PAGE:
Latinos are anything but homogenous, a fact underscored by a new Census Bureau report that shows a significant variance in poverty rates among different subgroups of Hispanics.
The overall poverty rate for Hispanics is about 23 percent, but that number alone doesn't do the millions of diverse Latinos living in the United States justice. The average Mexican, for example, has a very different life story than the average Cuban.
About 50 million Hispanics live in the United States, according to the report. Most, more than 31 million, are Mexican, followed by Puerto Rican, at about 4.5 million. About 1.7 million Cubans live in the country, followed closely by Salvadorans. There are about 1.4 million Dominicans, and 1 million Guatemalans.
Cubans have the lowest poverty rate of all Hispanics at 16.2 percent, while Dominicans are the poorest with more than a quarter – 26.3 percent – living below the poverty line. Mexicans, the largest group of Hispanics in the country, also have a poverty rate slightly above average, as do Puerto Ricans and Guatemalans. Salvadorans join Cubans below the average poverty rate.
Those numbers aren't random.
Many Cubans, who overwhelmingly reside in Florida, immigrated earlier than other groups. They live and work in the United States legally, and they are more educated and more likely to own homes. Some of the Cubans who came in the 1960s were well-educated professionals fleeing the Castro regime. Their experiences are very different from those of, say, Mexicans who crossed the southern border without documentation to seek work picking crops.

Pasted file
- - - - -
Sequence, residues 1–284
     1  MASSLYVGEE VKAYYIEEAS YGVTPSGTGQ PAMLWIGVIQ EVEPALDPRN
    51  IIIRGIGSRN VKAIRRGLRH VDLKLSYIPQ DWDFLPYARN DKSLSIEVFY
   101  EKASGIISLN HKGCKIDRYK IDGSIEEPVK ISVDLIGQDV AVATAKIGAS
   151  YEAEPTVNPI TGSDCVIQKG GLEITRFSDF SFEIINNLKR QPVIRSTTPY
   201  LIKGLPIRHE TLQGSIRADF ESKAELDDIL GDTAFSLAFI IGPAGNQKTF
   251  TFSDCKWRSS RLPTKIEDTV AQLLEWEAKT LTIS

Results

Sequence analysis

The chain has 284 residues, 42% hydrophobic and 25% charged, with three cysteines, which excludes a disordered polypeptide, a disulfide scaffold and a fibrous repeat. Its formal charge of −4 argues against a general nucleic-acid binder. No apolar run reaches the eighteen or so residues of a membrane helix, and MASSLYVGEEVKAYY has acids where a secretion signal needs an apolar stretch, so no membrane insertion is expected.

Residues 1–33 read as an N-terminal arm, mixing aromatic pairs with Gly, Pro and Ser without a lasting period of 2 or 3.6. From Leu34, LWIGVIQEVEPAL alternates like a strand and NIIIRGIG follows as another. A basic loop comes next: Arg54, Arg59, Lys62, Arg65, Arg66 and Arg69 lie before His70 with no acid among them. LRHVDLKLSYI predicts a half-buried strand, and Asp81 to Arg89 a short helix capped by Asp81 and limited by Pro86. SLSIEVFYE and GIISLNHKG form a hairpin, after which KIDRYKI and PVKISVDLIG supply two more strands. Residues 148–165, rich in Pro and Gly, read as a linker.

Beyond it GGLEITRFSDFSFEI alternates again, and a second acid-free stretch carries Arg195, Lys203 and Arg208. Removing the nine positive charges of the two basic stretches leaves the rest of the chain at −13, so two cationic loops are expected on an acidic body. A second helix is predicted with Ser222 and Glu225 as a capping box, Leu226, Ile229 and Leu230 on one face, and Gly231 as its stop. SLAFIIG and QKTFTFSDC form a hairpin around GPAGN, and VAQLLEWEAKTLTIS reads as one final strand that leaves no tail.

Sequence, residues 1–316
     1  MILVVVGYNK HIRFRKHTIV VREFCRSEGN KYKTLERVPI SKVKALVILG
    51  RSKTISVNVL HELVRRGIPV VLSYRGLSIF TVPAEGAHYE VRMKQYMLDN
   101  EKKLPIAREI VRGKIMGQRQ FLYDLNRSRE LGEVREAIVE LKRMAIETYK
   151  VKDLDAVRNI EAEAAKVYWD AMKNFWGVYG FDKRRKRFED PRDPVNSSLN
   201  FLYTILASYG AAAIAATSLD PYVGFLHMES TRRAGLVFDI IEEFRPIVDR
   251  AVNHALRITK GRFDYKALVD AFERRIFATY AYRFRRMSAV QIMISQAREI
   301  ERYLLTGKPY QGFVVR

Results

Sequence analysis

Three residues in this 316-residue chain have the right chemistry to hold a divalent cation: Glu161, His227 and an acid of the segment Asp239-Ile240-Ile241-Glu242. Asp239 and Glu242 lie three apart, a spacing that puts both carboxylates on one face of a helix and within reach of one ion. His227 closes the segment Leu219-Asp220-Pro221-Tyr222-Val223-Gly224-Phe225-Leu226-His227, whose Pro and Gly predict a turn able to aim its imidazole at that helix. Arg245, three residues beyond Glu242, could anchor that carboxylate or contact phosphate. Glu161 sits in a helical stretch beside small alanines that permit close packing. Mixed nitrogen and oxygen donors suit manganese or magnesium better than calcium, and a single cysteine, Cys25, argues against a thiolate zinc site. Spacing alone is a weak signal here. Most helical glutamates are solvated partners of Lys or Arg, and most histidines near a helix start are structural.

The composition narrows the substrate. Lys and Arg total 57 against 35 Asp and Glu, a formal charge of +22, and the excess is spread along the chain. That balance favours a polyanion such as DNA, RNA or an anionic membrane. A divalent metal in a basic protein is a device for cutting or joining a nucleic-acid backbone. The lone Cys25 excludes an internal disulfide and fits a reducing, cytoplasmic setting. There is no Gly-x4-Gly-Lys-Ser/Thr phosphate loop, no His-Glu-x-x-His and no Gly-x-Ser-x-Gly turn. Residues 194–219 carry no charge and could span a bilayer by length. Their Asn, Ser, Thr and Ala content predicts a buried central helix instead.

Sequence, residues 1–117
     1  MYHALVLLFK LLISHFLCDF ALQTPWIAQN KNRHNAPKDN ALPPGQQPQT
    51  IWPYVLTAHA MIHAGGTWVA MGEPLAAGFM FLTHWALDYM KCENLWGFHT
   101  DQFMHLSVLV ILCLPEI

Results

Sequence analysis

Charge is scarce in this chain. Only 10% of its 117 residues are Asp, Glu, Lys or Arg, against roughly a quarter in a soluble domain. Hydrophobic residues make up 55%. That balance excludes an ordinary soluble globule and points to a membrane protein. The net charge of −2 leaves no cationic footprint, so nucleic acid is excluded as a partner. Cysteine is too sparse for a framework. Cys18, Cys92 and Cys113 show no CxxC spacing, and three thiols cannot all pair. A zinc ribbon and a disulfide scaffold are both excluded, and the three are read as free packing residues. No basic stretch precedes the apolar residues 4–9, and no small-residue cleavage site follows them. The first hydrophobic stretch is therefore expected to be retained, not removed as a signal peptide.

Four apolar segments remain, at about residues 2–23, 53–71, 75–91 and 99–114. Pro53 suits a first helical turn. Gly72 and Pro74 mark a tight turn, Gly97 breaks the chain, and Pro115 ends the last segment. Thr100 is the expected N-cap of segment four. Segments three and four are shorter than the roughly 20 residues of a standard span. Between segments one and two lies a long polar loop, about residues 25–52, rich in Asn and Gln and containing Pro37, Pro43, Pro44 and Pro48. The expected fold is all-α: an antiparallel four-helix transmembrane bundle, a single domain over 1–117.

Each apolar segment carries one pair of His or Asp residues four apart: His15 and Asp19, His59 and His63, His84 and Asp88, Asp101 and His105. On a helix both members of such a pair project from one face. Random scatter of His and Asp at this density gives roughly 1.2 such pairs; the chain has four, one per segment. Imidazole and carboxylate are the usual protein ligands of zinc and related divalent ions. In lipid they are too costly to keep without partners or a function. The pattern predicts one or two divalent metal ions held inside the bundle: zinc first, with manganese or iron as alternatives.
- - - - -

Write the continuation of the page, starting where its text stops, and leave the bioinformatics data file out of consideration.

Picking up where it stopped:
Similarly, many Salvadorans came to the United States in the 1980s fleeing civil war and political unrest, while others came in the early 2000s after a series of natural disasters. As a result, they are granted Temporary Protected Status, meaning the U.S. recognizes that Salvadorans cannot return to El Salvador safely. TPS allows people to obtain work authorization, which may make it easier to find jobs that pay a living wage than it is for some undocumented immigrants. Numbers back up that theory. Salvadorans are more likely to participate in the labor force than other immigrants, and they often work in construction, which typically pays more than field work or food service, other industries popular with Hispanic workers.
Dominicans, however, are more likely to be foreign-born than other Hispanics, and most immigrated after 1990, meaning they have had less time to establish roots than, for instance, Cubans. Many came as a result of economic hardship and entered the country with few resources.
The report takes a deeper look at the latter, the poorest group of Latinos. It compares Dominican poverty rates in the 20 U.S. cities most populated by Dominicans. Poverty rates were highest for Dominicans in Reading and Philadelphia, Pennsylvania, and lowest for Dominicans in Elizabeth and West New York Town, New Jersey. It's important to note that there may be cities were Dominicans are poorer; the report looks only at the cities with the most Dominicans.
The report also details overall Latino poverty by state. The Latino population in Alaska fares best of all 50 states with a poverty rate of just more than 10 percent. Hispanics in Kentucky, Pennsylvania and Tennessee had especially high rates, all above 31 percent, and states in the southeast, including Alabama, Georgia and Arkansas had Hispanic poverty rates above 30 percent.
States with the highest Latino populations have somewhat lower poverty levels. About 20 percent of California Hispanics are poor, while about 25 percent of Texas Latinos are below the poverty level. Cuban-heavy Florida has a Hispanic poverty level of 19.5 percent.
The report used American Community Survey data from 2007 to 2011.